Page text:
Q: I think there are more and more women in the technology sector and that is very good news.
MJ: It is becoming more even, but there are still companies in which the man who holds the position of consultant reaches positions of responsibility before the woman.
C: I think it is still a sector mostly for men. Little by little, more and more women participate, but a very small part.
People are still surprised when you tell them that you are a computer engineer. The answer is always the same: “Come on! A girl programming, who has rarely seen that”.
What is the perception that customers have when technological implementation is led by a woman? Have you had any problem about it?
Q: Throughout my professional career in this sector, I only had one client who did not approve of two women leading their project. In it we were another companion and I. Except for that case, I have not had any problems, everyone has been correct with me. I believe that if the project and implementation are managed well, it shouldn't matter who leads it.
MJ: On occasion, but it has been a one-time event. In my case, the problem came more from someone on the client's team than from the company that hired me.
C: In my case, being a woman and very young, when I have met with clients the first impression is that they always stare. I suppose that being a woman and young in this sector, even facing society, continues to surprise or can even create little confidence.
"If the project and implementation are managed well, it shouldn't matter who leads it"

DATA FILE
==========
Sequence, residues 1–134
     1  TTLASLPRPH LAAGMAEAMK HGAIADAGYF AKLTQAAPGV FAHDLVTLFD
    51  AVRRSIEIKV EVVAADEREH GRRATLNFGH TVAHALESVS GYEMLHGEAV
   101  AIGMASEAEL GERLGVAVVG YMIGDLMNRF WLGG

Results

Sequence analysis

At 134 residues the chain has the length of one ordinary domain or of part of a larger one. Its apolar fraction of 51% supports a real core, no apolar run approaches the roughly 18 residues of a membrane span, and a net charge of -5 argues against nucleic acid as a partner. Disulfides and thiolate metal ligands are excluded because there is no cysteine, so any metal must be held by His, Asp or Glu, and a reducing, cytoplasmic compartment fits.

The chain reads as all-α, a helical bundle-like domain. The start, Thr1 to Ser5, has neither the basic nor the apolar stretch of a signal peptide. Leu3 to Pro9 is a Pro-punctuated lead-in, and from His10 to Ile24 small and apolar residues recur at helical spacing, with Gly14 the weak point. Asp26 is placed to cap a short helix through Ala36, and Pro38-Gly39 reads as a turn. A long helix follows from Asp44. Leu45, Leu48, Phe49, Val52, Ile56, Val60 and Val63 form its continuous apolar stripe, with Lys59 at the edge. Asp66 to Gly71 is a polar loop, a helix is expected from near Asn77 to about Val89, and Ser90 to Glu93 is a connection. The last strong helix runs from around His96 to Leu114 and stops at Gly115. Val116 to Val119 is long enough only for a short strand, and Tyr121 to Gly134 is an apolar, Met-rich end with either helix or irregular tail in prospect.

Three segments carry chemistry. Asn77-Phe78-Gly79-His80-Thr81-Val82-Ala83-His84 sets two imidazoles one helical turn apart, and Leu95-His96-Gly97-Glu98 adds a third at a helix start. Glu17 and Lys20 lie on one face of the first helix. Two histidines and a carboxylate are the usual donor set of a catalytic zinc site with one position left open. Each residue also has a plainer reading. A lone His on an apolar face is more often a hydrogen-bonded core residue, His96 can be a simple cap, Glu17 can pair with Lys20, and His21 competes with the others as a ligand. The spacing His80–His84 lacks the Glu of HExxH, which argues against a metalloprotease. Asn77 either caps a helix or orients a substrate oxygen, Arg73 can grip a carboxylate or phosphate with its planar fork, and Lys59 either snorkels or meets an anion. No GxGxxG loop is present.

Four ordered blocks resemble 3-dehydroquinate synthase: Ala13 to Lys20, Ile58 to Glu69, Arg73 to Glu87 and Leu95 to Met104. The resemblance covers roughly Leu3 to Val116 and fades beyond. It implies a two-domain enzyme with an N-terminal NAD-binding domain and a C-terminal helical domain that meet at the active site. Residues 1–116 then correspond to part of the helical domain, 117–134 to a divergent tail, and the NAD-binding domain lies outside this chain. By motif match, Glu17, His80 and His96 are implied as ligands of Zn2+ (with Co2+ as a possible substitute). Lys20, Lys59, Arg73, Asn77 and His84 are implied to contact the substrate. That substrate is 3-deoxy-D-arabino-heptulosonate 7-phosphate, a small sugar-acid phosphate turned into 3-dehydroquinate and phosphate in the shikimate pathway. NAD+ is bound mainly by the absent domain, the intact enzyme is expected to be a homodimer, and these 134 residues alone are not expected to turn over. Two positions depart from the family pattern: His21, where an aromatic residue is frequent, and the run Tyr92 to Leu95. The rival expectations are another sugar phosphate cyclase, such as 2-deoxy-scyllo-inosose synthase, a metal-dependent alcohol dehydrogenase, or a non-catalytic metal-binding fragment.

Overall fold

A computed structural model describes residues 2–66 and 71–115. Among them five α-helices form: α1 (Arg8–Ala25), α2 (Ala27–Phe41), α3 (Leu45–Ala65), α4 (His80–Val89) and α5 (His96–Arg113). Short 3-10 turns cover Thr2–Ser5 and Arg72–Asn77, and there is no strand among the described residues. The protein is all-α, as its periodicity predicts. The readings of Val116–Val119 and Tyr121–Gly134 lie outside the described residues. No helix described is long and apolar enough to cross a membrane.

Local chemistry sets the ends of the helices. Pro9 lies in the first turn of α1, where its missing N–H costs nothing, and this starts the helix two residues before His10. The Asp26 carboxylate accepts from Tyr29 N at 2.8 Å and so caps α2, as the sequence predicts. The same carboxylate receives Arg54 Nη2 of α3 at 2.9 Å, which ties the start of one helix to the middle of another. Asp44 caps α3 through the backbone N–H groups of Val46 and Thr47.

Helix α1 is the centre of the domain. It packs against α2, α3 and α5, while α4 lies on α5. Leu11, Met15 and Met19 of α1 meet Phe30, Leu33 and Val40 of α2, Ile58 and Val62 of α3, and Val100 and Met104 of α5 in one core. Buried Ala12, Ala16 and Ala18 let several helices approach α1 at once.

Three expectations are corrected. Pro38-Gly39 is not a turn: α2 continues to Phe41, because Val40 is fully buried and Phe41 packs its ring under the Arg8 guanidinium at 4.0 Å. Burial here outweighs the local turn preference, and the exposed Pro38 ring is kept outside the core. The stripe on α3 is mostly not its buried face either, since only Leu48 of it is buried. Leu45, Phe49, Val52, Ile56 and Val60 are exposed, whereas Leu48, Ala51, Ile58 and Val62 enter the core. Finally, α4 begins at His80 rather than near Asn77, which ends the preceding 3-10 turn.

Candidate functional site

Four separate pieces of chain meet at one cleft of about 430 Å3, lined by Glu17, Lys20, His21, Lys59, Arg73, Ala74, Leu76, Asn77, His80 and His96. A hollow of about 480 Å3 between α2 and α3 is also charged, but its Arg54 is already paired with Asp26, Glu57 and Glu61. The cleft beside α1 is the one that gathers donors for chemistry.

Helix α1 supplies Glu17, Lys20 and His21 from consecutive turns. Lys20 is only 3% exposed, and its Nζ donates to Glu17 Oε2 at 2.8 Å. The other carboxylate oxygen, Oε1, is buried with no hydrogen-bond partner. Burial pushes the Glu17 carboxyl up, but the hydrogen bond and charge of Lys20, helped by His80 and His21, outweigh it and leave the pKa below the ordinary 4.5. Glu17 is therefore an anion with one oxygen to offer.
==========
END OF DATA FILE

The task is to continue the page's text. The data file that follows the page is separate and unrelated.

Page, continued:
Is there a long way to go in this sector in terms of equality?
Q: I think that everything is becoming more even, but there is still a lot to do, especially when a woman becomes a mother. Teleworking is increasingly implemented and this helps a lot with conciliation, both for men and women.
MJ: There is still a long way to go in this sector as in many others.
Teleworking is increasingly implemented and this helps a lot with conciliation, both for men and women.
C: I think there is a long way to go. More than we would like. But I also think that every day we are closer. That among all of us who are still here, we are taking small steps for ourselves and for all those who will come.
What advice would you give to young women who are thinking of directing their training and professional future towards new technologies?
Q: The best advice I can give you is that if you like technology, don't hesitate to get trained. In this sector there is a wide range of possibilities where you can develop your knowledge, and it is an exciting world because it is constantly changing.
MJ: From my experience and after having tried in different sectors, I can say that technology is a very interesting path due to the rapid changes and advances that exist. You are always in continuous learning.
C: Let them not think about it. That this is also a future for women. And if they like it, keep going. I would recommend that you read a book on the journey of women in the history of technology, (from the books that are never taught in universities).
We hope that one day this date will not be vindictive, but commemorative of the day on which full equality of rights was achieved.